The topic will be negative symptoms of schizophrenia, called this because they take away from or reduce functioning. Negative symptoms involve lack of motivation, social withdrawal, blunt affect, and alogia (poverty of speech or poverty of content of speech) and diminished movement.
Positive symptoms such as delusions, paranoia and hallucinations can mostly be managed and are often the focus of treatment sessions. Yet the negative symptoms are the ones that result in poor functional outcomes and worse quality of life.
Negative symptoms are harder to treat and last longer than positive symptoms. (Psychiatric Times. Negative Symptoms in Schizophrenia: The Importance of Identification and Treatment, retrieved April 3, 2012 from http:www.psychiatrictimes.com/schizophrenia/content/article/10168/)
Their improvement can result in better skills in independent living, social functioning and role functioning. The atypical medications do not treat negative symptoms.
Psychiatrists need to inquire about their patient's daily activity and interaction with others. The goal is to determine if the individual engages in productive activity in the daytime.
According to the Psychiatric Times review, "If negative symptoms are related to depressed affect, treatments for depression could be considered. While there is no clear evidence that depression in schizophrenia responds to SSRIs, there is some evidence that SSRIs can have a positive impact on negative symptoms."
It can sometimes be that the urgency of positive symptoms, like hearing voices, causes social withdrawal. In this instance, the Psychiatric Times review states that "increasing the dosage of antipsychotic medication or switching to a different antipsychotic may be warranted."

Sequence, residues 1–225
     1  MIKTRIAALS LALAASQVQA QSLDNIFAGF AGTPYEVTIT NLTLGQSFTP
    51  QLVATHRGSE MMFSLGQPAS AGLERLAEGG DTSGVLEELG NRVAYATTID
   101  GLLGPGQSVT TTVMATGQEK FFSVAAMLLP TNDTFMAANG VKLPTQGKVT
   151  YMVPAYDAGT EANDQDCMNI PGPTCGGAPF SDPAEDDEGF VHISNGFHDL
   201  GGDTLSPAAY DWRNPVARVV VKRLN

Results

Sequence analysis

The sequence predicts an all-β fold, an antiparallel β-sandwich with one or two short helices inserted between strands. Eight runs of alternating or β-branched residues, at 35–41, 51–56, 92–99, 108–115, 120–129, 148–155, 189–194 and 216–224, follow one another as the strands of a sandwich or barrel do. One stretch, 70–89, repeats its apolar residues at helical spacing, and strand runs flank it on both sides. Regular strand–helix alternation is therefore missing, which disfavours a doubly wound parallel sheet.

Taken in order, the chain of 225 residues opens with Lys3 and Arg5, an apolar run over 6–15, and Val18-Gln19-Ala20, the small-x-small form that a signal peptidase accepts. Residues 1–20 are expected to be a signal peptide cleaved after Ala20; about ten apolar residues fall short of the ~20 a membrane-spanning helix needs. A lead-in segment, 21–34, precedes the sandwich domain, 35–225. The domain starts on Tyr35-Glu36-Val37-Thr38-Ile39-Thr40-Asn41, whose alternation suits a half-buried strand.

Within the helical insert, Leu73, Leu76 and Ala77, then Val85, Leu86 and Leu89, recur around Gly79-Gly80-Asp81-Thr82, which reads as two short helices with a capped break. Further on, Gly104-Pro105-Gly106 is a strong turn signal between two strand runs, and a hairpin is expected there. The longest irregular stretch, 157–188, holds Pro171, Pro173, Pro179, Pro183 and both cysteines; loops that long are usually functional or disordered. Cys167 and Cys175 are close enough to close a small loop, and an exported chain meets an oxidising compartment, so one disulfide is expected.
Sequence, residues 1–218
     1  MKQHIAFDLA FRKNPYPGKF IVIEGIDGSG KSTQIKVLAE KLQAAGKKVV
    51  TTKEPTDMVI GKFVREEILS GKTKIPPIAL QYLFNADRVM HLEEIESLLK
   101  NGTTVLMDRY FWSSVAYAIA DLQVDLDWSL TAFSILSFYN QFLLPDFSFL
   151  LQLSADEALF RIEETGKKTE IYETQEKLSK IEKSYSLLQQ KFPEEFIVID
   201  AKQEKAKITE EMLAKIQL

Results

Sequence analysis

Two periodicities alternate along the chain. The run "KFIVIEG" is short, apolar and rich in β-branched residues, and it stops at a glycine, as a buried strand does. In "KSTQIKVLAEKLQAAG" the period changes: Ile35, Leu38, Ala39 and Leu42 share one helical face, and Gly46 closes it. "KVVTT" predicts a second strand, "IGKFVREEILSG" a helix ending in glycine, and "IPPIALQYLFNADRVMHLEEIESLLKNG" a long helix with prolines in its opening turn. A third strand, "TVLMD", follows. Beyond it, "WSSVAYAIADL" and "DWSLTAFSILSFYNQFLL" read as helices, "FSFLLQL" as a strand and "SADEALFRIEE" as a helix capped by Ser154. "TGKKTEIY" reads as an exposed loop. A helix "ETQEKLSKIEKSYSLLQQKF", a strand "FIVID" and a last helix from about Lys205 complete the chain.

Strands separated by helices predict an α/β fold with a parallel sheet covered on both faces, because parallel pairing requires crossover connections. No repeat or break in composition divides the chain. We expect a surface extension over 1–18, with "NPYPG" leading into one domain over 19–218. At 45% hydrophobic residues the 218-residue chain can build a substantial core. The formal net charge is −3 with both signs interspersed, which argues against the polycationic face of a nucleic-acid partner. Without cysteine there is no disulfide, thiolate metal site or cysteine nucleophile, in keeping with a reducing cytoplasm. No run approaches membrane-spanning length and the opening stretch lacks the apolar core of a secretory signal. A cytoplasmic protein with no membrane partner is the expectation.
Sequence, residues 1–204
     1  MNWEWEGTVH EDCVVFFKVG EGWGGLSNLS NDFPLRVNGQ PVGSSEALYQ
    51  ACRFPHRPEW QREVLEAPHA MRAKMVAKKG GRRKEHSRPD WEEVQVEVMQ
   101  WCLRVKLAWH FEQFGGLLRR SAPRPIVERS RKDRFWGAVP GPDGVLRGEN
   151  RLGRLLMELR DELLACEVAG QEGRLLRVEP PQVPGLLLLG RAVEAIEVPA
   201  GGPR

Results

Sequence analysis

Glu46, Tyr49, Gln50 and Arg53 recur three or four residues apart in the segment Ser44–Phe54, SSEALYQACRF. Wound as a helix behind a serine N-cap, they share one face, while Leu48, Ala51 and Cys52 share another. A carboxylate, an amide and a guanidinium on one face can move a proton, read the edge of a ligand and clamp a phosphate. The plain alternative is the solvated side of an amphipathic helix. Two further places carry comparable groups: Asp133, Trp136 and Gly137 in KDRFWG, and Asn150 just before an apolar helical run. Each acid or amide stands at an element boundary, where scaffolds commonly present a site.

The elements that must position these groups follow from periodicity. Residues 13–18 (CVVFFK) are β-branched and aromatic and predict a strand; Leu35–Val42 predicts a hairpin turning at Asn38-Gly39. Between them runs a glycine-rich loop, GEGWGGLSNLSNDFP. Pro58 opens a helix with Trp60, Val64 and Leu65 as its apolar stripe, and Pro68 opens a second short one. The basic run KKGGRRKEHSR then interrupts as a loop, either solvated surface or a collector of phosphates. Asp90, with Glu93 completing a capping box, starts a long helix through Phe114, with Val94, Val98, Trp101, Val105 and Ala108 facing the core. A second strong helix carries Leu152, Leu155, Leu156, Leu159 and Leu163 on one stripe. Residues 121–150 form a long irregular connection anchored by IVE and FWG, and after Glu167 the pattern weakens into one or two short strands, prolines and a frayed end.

The atypical drugs might not necessarily improve negative symptoms, yet individuals who take the drugs are more likely to engage in psychosocial treatment, thus the negative symptoms are minimized.
This key benefit could occur with social skills training, so a psychiatrist would do well to refer his patients there when they exhibit negative symptoms.
One good way to assess whether your loved one has negative symptoms is to compare and contrast their personality before their breakdown and how their life is after it. If your son or daughter or husband or wife had more energy and vitality pre-diagnosis, and now has no desire to go to the grocery store, that could indicate negative symptoms are present.
You need to differentiate between whether their "laziness" is a symptom, or whether they were always couch potatoes long before they got sick.
Often, negative symptoms predate the occurrence of positive symptoms and arrive in the prodromal stage of schizophrenia (Medscape, State-of-the Art Treatment for Negative Symptoms of Schizophrenia, retrieved on April 3, 2012 from http://www.medscape.org/viewarticle/560657).
Social skills training can improve competence in relationships, work, recreation and self-care. This kind of training helps individuals express their feelings and adjust their voices and facial expressions. (The Harvard Medical School Family Health Guide, the negative symptoms of schizophrenia. Retrieved on April 3, 2012 from http://www.health.harvard.edu/fhg/updates/update0706c.shtml.)